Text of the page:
A reissue of a previously released record. ‘Champagne Holocaust’ by the Fat White Family had originally been released in 2013, including a black vinyl variant. However, the Blood Records version was the first of its Zoetrope releases and was listed as a ‘dick-ture disc’ It has to be seen to be believed. 

Charity records. They released their largest ever run (so far) of a record. ‘Songs For The NHS’ was a various artists release, made up of songs unavailable anywhere else. With 5000 pressed, it entered the UK vinyl charts at number 1 and helped raise money for equipment to help the NHS during the Covid 19 pandemic. A worthy cause and a good record to boot. It was even pressed on NHS Blue coloured vinyl. There was another release raising money for the Save Our Venues charity and that was called ‘What’s Going On?’. 

Archive release. Vistas released an album that collected material the band had recorded before the release of their debut album. None of the songs only this record had had a physical release before and it was released on rather fetching clear vinyl. 

Exclusive variations of records released on other labels. The Cribs and Biffy Clyde both released new albums on 2020 but Blood Records was there with their own versions. The Cribs’ ‘Night Network’ came out on TV Test Card coloured vinyl, where as Biffy Clyro’s ‘A Celebration Of Endings’ was another in the Zoetrope range.

There were also exclusive releases by artists such as Nova Twins, Halloweens and Be No Rain. 

All in all, 2020 was an interesting year for Blood Records and judging by the amount of campaigns they have already started, 2021 looks set to be another bumper year of vinyl releases.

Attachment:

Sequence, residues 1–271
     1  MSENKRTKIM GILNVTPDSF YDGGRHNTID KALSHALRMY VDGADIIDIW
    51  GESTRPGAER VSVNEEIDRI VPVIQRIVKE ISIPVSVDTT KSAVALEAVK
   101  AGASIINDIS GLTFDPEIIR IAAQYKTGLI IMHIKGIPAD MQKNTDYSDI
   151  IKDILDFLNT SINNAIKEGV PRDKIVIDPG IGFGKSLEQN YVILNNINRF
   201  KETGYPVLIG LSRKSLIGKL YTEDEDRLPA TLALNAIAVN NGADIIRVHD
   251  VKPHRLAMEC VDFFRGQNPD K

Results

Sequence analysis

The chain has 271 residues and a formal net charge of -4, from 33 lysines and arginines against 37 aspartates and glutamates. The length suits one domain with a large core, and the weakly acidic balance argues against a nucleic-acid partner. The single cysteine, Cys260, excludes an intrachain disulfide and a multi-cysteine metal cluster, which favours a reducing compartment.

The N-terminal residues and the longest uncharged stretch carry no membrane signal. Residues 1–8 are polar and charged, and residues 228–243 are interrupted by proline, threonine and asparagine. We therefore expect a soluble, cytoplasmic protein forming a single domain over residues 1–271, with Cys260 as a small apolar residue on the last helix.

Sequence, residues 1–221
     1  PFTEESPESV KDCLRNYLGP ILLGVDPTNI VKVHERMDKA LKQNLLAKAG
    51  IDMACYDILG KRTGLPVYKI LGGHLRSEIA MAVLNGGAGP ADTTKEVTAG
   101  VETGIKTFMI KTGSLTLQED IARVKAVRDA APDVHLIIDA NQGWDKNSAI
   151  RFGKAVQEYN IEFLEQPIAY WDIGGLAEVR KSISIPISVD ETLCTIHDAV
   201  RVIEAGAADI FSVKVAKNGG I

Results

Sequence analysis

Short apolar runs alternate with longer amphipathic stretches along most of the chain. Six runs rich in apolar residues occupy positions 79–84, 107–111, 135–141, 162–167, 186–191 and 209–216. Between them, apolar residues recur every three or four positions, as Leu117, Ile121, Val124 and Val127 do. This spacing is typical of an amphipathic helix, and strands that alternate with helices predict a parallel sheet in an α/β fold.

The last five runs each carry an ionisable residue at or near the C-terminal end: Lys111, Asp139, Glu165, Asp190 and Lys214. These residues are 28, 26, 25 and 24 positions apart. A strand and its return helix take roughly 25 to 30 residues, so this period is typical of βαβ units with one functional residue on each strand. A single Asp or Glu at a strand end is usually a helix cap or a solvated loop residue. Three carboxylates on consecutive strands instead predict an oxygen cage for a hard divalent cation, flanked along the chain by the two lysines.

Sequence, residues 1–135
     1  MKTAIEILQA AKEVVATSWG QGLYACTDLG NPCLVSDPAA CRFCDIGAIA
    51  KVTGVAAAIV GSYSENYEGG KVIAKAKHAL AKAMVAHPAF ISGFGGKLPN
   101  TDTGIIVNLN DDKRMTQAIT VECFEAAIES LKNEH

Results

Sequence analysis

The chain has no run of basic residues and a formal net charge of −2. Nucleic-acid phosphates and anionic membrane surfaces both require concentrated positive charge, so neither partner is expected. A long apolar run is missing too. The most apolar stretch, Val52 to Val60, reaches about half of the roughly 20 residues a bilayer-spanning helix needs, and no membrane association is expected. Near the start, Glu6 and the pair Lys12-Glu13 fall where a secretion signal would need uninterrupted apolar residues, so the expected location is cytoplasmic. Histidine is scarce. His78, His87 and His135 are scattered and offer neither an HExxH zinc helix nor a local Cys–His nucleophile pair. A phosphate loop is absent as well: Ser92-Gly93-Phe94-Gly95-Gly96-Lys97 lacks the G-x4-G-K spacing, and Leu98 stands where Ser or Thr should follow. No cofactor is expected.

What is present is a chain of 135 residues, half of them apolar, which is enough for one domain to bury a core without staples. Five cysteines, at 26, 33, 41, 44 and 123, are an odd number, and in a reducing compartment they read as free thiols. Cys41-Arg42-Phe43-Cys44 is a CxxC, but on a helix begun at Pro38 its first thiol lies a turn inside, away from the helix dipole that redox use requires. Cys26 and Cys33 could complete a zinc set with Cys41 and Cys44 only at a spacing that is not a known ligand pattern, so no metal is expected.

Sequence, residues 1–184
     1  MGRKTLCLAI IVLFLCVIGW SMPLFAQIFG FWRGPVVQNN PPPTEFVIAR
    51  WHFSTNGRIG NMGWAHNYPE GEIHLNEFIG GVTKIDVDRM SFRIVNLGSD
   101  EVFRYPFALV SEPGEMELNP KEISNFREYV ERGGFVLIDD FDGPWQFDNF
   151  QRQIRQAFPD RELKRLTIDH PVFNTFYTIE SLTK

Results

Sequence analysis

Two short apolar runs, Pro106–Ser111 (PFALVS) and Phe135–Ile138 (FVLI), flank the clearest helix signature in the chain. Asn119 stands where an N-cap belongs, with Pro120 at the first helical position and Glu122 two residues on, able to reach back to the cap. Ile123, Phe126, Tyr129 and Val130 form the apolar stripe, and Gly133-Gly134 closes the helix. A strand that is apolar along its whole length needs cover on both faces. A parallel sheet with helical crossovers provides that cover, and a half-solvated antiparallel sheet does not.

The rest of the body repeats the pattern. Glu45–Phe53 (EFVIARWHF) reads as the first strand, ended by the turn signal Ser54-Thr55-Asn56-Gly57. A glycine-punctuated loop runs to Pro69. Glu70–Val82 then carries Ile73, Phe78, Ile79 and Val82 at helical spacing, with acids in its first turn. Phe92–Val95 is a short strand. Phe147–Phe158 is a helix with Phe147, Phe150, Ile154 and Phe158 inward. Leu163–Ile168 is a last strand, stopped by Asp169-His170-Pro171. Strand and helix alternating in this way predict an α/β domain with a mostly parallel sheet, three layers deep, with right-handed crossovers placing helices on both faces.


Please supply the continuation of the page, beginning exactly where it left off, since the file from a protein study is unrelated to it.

To celebrate the label, here is a sampler of songs from each of the nineteen releases from 2020, presented as though it was a vinyl LP. I’m sure they would not have it any other way. The artwork is one of Blood Records’ logos taken from their Facebook page (with the year added. My IT skills let me down on this one). 

Side A

  1. Mary Don’t Mind – Vant
  2. In This Decade – The Blinders
  3. Space – Biffy Clyro
  4. My Baby Looks Good With Another – Halloweens

Side B

  1. Fashun – Willie J. Healey
  2. I’m What You Want – Walt Disco
  3. Half Life – Spector
  4. Is This All There Is? – Tempesst
  5. Media Luna – Be No Rain

Side C

  1. Sign Language – Vistas
  2. Care Less – Sheafs
  3. Auto Neutron – The Fat White Family
  4. (The World) Outside My Door – The Magic Gang
  5. Room With A View (Demo) – Flyte

Side D

  1. Taxi – Nova Twins
  2. My God – Lucia & The Best Boys
  3. Growing Up – Alfie Templeman
  4. I’m Only Going To Hurt You – The Ninth Wave
  5. Goodbye – The Cribs

This playlist could not be recreated as not all of the songs are available on Spotify

Episode 99 – You Won’t Hear This On The Radio Pt. 2

In the second of two shows with guest Darryl Bullock, we once again look at songs that you will not hear on the radio and the reasons why. 

  • Kick Out The James – The MC5 (Uncensored Version)
  • You’re Breaking My Heart – Harry Nilsson
  • Fuck Off – Electric Chairs
  • Working Class Hero – John Lennon
  • GLC – The Menace
  • The Man Don’t Give A Fuck – Super Furry Animals
  • Animal (Fuck Like A Beast) – W.A.S.P.
  • Song For The Dumped – Ben Folds
  • Too Drunk To Fuck – Nouvelle Vague

A Squire Commercial Break #1

  • Things Go Better With Coke (A Man & A Woman) – Otis Redding
  • Woke Up In The Morning (Rice Krispies) – The Rolling Stones
  • Heinz Baked Beans – The Who
  • Rotosound Strings – The Who
  • Levi’s Jeans- The Millennium
  • Coke – The Who
  • Little Willie – Sweet
  • Only Women Bleed – Julie Covington
  • Pictures Of Lilly – The Who
  • Ohio – Crosby, Stills, Nash & Young
  • Invisible Sun – The Police
  • Dear God – XTC
  • A Cry From The Heart – Father Francis
  • Hide My Sin – Lorene Mann
  • The Hostage Prayer – Pat Boone

A Squire Commercial Break #2

  • Stretch Levi’s – Curt Boettcher
  • Falstaff Beer – Cream
  • Kellogg’s – The Monkees
  • Slicker Beauty Hints – Mortimer
  • US Radio Ad – Pink Floyd
  • Death of Samantha (Single Edit) – Yoko Ono
  • Shorty Blackwell – The Monkees
  • Ringworm – Van Morrison
  • He Hit Me (It Felt Like A Kiss) – The Crystals